She added: “In presenting the budget 2020, we had to report to council some slight changes that need to be made on (Medium Term Expenditure Framework) MTEF 2021-2023, which has since July been sent to the National Assembly by Mr. President. “Specifically, the exchange rate is going to be changed from N360 that we initially presented and submitted to council and to the National Assembly, up to N379.
The reason why this is happening is due to the exchange rate movement that the CBN has put in place.”
Asked if the projected GDP growth rate of three per cent was not rather too ambitious, the Minister of State for Budget and National Planning, Mr. Clement Agba, said: “You talked about the growth rate to be very ambitious, first, we have to use modern approach and this is done by (National Bureau of Statistics) NBS. When you consider the economic sustainability plan which is also going to run for another six months next year, remember we have the N2.3 trillion stimuli (package).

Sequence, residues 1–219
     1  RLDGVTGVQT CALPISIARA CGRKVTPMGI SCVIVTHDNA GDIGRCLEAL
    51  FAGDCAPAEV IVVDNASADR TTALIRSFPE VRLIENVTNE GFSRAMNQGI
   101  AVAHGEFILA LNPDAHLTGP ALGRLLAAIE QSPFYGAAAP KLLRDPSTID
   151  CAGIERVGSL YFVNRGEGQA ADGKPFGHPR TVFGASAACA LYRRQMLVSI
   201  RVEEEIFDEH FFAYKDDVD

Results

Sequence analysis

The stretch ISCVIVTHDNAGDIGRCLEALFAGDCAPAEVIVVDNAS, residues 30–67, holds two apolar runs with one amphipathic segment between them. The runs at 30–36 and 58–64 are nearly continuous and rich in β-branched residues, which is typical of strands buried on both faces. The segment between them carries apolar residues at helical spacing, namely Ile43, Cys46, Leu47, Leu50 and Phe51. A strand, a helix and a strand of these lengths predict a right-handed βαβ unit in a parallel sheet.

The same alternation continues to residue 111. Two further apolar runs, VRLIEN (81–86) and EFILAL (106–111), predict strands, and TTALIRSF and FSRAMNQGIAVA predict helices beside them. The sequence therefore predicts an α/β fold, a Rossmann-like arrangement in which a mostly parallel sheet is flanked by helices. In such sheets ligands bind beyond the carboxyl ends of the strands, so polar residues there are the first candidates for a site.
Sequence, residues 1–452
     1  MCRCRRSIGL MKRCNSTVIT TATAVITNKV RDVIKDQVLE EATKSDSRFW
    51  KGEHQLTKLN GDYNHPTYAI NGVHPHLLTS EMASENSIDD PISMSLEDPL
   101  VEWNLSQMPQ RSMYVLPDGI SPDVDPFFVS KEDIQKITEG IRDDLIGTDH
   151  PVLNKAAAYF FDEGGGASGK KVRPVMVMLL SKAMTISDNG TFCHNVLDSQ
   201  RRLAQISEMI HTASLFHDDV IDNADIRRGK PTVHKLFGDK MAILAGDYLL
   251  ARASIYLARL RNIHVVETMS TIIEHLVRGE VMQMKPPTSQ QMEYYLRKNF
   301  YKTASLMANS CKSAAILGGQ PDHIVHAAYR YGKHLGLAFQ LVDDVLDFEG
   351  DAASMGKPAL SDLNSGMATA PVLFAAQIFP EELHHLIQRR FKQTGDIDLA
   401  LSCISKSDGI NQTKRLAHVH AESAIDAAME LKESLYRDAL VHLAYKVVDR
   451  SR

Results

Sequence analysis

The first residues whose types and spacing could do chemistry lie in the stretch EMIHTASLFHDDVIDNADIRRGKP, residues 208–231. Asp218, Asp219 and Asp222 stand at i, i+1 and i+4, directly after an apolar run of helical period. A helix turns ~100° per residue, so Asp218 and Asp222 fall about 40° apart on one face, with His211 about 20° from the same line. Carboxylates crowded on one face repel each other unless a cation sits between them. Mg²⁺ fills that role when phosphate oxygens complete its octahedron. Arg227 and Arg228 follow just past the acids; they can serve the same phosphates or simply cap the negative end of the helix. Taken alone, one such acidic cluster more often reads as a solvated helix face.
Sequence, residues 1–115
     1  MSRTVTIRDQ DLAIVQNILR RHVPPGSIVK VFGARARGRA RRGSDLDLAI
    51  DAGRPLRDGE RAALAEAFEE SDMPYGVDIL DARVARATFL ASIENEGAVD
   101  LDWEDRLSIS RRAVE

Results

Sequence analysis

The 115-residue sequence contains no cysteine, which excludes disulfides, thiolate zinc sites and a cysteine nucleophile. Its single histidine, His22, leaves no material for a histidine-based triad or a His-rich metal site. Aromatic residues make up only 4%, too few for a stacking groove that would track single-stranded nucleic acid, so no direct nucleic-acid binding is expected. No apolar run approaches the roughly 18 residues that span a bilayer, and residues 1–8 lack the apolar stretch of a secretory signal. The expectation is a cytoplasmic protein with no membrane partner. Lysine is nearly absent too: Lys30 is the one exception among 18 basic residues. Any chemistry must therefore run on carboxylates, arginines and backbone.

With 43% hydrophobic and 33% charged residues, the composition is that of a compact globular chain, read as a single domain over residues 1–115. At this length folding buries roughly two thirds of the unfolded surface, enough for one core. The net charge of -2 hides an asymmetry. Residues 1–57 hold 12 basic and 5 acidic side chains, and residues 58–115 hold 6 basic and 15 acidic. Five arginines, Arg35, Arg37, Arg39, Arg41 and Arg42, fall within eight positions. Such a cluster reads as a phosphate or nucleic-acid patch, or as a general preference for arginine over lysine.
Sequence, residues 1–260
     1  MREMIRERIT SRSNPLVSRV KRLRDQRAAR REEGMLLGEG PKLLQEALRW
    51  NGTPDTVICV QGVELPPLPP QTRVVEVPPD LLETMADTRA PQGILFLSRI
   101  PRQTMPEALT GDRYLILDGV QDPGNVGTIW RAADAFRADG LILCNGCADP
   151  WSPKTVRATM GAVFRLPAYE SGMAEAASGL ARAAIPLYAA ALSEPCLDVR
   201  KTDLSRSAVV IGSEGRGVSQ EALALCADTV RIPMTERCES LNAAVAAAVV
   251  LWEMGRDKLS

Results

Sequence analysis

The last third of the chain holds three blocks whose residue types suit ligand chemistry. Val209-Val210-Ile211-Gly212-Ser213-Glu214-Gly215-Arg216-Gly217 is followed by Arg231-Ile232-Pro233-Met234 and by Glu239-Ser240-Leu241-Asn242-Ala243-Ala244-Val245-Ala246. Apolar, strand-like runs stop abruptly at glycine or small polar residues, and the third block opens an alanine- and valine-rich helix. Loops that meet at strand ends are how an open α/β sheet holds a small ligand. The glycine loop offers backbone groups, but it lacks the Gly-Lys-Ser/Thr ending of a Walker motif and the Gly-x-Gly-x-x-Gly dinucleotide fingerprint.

“The economy too has also now been opened. The lockdowns have been lifted; economic activities have picked up and we have also selected some sectors in the economy that we are putting in a lot of money that will create activities and hence, the multiplier effect of it.”